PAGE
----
Saturday, March 10, 2007

Founders College: A Strategic Division of Labor

After spending a weekend at Founders College near South Boston, Virginia – a place I now think of as the future “Galt’s Gulch” of education – I have had time to reflect on the importance of that place and its vision. And one of the first things to occur to me, once the means and ends of the institution had percolated in my mind for a while, was how ingenious an educational strategy had been conceived by its founders.

If a goal of a liberal arts college is to prepare a student with a “comprehensive knowledge and deeper understanding of great ideas, their connections and consequences,” structured as an “integrated, logical whole,” then that goal would complement perfectly a student’s pursuit of a profession in the work world or if he matriculated into a university to master a specific field of knowledge.

This is truly a revolutionary concept, having no precedent even in the liberal arts colleges of the 19th and early 20th century, when educational standards were immeasurably higher than they are at present. I recall a Wall Street Journal article some time in the 1970s when the paper reprinted part of a private New Jersey high school’s entrance exam. It required an active knowledge of American, European and ancient history, of a language other than English, of calculus and trigonometry, of philosophy, of science, of law, and the ability to solve complex problems. The test, as I recall, had been given to modern Harvard and Princeton juniors; every one of them flunked it miserably, unable to correctly answer a fraction of the questions or to solve any of the problems.

Yet fortunes were and still are being spent on these students’ education, sending them out into the world barely less ignorant than when they matriculated, and if not indoctrinated by vicious, anti-mind ideas, then indifferent to all great ideas.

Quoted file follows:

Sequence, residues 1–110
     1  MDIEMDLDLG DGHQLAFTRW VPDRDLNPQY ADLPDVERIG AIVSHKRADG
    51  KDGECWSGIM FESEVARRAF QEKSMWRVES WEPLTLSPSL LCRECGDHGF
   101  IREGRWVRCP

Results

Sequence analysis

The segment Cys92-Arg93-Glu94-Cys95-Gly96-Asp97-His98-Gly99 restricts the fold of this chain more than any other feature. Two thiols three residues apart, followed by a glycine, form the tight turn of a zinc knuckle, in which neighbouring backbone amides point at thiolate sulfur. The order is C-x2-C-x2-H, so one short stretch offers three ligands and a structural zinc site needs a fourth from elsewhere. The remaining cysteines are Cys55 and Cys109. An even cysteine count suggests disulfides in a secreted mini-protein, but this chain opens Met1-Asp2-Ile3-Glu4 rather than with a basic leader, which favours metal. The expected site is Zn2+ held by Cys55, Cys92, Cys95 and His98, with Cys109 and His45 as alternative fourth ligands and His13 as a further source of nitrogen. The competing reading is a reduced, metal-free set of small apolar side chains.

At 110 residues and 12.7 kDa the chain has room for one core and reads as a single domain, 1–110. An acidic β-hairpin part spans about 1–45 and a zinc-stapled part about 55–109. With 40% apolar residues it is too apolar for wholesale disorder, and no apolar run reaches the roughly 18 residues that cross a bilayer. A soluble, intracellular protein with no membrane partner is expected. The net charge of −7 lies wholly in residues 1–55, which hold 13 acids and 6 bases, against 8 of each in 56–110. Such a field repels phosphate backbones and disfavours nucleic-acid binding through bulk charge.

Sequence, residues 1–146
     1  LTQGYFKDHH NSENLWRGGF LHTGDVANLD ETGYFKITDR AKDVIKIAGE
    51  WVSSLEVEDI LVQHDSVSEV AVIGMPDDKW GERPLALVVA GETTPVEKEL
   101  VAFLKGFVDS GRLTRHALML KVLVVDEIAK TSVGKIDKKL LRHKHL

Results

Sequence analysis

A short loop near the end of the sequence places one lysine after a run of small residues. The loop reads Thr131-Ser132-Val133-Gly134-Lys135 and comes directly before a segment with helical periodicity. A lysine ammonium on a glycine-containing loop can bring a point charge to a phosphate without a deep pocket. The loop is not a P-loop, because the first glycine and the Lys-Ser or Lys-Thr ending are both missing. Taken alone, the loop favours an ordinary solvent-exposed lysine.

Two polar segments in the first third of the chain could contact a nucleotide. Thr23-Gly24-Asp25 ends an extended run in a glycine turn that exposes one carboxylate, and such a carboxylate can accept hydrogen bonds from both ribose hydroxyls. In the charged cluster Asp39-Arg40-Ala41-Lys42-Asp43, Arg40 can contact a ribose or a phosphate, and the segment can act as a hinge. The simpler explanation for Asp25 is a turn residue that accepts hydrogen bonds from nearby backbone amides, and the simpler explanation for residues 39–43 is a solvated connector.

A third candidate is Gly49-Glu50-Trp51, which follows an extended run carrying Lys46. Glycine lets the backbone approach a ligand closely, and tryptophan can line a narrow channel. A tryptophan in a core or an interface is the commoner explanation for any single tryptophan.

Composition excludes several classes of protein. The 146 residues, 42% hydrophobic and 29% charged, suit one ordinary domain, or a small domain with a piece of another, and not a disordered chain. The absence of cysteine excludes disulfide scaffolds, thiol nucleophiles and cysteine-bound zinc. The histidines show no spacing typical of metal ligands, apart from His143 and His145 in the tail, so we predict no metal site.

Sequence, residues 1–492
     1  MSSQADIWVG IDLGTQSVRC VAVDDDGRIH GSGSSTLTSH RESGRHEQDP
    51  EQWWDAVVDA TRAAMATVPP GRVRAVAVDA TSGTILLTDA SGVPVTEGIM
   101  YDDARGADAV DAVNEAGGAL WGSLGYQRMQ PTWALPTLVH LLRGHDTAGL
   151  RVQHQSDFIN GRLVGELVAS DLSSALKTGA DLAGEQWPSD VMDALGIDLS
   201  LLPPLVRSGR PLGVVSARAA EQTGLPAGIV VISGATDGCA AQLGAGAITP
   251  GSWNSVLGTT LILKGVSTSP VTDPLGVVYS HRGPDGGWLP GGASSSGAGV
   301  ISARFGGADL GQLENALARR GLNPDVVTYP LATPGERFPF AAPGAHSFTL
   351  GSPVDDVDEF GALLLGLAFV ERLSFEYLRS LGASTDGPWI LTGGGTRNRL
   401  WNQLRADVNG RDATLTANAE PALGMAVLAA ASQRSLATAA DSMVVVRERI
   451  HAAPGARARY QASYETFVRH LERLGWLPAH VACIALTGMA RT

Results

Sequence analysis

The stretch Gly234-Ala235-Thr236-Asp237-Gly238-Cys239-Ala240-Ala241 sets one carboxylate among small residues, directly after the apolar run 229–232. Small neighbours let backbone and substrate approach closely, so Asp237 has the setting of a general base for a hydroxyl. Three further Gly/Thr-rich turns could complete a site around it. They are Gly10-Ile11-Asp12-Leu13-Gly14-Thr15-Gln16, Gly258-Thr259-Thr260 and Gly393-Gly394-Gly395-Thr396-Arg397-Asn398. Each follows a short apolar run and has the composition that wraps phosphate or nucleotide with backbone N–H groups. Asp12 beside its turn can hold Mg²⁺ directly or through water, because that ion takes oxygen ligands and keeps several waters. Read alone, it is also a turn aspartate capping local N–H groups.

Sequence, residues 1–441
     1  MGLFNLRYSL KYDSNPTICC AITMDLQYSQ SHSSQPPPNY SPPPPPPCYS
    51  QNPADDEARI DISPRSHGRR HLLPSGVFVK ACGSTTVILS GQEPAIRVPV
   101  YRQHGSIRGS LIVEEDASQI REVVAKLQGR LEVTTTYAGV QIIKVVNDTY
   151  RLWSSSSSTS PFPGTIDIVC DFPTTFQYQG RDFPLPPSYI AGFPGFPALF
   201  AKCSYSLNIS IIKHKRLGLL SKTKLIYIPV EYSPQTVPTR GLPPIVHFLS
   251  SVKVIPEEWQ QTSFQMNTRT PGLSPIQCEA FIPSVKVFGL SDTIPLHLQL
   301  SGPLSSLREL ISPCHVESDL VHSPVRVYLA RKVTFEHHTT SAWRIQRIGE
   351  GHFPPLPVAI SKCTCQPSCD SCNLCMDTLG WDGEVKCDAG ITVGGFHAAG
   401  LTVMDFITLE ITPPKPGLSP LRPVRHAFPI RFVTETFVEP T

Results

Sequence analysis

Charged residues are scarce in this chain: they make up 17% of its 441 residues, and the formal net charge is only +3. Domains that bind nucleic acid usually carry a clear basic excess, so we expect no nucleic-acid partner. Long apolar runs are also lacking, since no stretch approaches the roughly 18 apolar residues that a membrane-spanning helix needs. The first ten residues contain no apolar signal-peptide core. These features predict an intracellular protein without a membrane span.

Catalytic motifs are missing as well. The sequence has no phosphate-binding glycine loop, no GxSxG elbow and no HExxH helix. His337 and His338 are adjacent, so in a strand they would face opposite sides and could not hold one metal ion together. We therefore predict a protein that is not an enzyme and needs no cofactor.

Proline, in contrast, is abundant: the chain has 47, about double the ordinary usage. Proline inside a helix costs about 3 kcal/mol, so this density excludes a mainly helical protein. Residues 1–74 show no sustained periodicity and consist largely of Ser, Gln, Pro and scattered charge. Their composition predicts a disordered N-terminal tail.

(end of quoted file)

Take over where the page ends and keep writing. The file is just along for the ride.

Of course, even in the 19th and early 20th centuries, education was “traditional,” that is, it relied chiefly, as the Founders College brochure describes it, “on rote memorization of a random set of disconnected facts and opinions.” It might have been at a higher, more demanding, and an even comprehensive level of knowledge, but it was largely disconnected and certainly not logically integrated. In only a few students would education instill in them a “lifelong passion for knowledge and discovery.” It was up to the students to discover the “whole” on their own efforts, possibly encouraged by the even rarer teacher with a passion for his subject.

If we treat as an absolute truism that ideas can influence the direction of a culture – indeed, of a nation – and that those ideas flow from the centers of education, then the power of reason – in this instance, the logical integration of ideas from a wide spectrum of human endeavors – should be enhanced in the student, in the culture, in the nation.

Ideas can certainly influence the direction of a culture and nation. Witness the influence of bad ideas inculcated in students for a few generations – of collectivism, of nihilism, of environmentalism, of religion, of virtually every brand of anti-reason, anti-mind philosophy – and then observe the state of the country and of the world. These ideas are spread by the colleges and universities. The best institutions are today in a state of criminal decrepitude – the logical dead end of a century of promulgating irrationalism – and the destruction they are wrecking in every field of human action is of an unimaginable magnitude.